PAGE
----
Amid heightened security concerns at the Capitol, a winter pastime is interrupted.

Eleanor Holmes Norton Calls for Sledding on Capitol Grounds to Be Allowed

As inches of snow pile up during Washington’s biggest winter storm in two years, there is one place that won’t be seeing any snowball fights.

The Capitol grounds, one of the best spots in the city for sledding, are now off limits, another reverberation of the rampage there on Jan. 6. The city’s schools are all virtual on Monday; schools had been slated to reopen to some students in person but closed because of the weather.

Representative Eleanor Holmes Norton, the District of Columbia’s nonvoting House delegate, has urged the Capitol Police to allow the tradition to continue this week. The activity could be done safely, Ms. Norton said in a statement on Saturday, “by allowing only children and adults accompanied by children” into the area.

But a Capitol Police spokeswoman, Eva Malecki, citing the current security concerns and the city’s coronavirus restrictions, said it could not be permitted.

While a rule against sledding on the Capitol grounds has been in place for decades, it was rarely enforced until after the terrorist attacks on Sept. 11, 2001.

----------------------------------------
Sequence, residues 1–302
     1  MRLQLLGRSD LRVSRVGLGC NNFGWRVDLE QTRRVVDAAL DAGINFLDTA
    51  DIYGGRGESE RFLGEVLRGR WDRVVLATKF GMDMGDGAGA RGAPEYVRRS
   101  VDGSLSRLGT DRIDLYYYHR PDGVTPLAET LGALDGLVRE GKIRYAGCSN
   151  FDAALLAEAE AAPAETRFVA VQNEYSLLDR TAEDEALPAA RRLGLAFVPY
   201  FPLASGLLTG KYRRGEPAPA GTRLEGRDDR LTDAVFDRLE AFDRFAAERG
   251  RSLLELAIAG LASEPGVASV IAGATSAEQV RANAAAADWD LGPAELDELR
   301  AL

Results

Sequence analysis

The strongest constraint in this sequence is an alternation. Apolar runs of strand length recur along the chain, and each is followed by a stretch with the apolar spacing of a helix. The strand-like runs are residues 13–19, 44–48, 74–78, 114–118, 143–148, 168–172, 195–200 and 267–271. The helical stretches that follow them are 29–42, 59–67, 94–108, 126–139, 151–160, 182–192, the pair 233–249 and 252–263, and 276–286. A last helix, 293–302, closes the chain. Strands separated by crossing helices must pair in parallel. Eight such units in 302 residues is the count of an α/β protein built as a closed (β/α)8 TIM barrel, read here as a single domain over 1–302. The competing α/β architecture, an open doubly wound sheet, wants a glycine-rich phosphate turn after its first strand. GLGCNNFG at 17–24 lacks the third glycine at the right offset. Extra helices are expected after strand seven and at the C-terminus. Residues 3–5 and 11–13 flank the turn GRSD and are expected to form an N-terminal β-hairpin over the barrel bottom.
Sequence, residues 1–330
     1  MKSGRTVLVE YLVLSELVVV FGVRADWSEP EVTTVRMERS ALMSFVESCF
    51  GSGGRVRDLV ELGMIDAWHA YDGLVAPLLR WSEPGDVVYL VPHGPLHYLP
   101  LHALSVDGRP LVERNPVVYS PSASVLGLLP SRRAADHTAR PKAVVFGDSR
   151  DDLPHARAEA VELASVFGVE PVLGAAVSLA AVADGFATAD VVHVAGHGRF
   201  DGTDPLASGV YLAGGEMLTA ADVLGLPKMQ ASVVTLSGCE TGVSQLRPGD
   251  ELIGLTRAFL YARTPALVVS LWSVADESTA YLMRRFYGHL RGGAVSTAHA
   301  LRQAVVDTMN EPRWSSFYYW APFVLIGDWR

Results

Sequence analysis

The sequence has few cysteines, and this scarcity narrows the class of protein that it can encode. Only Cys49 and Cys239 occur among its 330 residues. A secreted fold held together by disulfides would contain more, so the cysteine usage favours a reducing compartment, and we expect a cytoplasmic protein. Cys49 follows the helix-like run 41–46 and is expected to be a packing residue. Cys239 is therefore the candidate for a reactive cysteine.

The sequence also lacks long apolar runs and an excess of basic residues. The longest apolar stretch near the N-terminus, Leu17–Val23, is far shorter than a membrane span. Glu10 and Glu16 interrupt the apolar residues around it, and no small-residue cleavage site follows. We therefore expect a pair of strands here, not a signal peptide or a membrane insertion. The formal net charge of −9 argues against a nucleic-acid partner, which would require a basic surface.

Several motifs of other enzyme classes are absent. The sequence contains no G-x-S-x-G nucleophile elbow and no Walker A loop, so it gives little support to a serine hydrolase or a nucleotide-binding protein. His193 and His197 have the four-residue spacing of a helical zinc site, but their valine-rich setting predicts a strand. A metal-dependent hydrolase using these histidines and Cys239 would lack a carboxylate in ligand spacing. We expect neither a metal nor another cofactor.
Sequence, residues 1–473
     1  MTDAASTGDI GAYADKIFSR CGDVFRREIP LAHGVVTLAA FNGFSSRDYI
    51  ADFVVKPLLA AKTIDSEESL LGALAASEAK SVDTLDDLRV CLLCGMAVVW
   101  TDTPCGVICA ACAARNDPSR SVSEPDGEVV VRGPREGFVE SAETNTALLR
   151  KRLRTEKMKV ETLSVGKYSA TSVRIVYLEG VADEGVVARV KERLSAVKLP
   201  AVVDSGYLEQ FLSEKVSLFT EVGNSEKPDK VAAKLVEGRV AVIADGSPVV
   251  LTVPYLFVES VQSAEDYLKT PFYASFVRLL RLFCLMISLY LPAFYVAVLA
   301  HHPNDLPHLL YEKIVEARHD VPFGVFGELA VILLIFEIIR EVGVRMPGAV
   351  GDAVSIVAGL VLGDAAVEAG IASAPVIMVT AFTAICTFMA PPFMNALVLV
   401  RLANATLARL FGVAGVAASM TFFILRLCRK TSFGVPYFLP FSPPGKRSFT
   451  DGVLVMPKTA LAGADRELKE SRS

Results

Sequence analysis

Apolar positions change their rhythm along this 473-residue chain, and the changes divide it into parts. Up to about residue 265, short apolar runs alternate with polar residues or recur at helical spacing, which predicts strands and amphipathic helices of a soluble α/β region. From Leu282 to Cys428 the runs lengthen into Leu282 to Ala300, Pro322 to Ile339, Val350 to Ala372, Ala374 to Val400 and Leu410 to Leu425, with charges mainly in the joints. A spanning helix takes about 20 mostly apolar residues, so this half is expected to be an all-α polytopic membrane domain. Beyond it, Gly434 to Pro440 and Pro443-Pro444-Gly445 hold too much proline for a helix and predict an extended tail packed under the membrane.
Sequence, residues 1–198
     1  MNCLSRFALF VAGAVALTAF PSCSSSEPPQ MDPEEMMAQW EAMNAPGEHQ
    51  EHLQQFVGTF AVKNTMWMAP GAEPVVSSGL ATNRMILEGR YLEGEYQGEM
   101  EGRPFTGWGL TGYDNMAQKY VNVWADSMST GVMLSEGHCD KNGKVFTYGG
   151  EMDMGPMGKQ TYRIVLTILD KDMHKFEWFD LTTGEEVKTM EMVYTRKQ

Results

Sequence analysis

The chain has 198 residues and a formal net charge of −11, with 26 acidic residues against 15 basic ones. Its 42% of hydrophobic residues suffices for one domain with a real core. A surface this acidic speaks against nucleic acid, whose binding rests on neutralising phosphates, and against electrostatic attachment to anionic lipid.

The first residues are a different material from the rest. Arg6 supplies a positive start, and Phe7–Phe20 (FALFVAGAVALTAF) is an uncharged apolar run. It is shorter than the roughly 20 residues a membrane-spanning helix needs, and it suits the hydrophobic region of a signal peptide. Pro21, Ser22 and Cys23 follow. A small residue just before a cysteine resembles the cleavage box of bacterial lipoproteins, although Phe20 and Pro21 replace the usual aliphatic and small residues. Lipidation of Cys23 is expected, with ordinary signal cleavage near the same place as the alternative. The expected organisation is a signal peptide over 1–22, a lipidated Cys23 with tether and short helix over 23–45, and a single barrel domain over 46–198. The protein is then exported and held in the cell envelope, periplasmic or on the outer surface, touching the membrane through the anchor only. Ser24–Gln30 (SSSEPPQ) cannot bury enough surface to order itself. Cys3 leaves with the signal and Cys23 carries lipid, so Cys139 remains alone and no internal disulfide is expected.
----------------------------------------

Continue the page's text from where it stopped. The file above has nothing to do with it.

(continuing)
Ms. Norton has pushed for sledding to be allowed on the grounds for years; she first succeeded in slipping a pro-sledding provision into the omnibus spending bill in 2016.

The previous year, Washingtonians held a “snow-in” at the complex to protest the rule.

The ban has been revived at another moment of heightened tensions. Instead of children making snowmen and snow angels, visitors to the Capitol complex these days are greeted by seven-foot-tall, unscalable fencing that went up after the riot.

The acting chief of the Capitol Police, Yogananda D. Pittman, is calling for “vast improvements” to security on the Capitol grounds after the attack, which injured nearly 140 police officers and killed an officer and a member of the mob.

Chief Pittman, who took over the department when her predecessor resigned days after the riot, said that experts had argued for greater security measures for the Capitol even before the Sept. 11 attacks.

But in a trying year, Ms. Norton said, the sledding tradition was one joy that should not be erased.

“Children across America have endured an extremely challenging year,” she said, “and D.C. children in particular have not only endured the coronavirus pandemic but now the militarization of their city, with the hostile symbols of fences and barbed wire. Sledding is a simple, childhood thrill. It is the least we can allow for our resilient children this winter season.”

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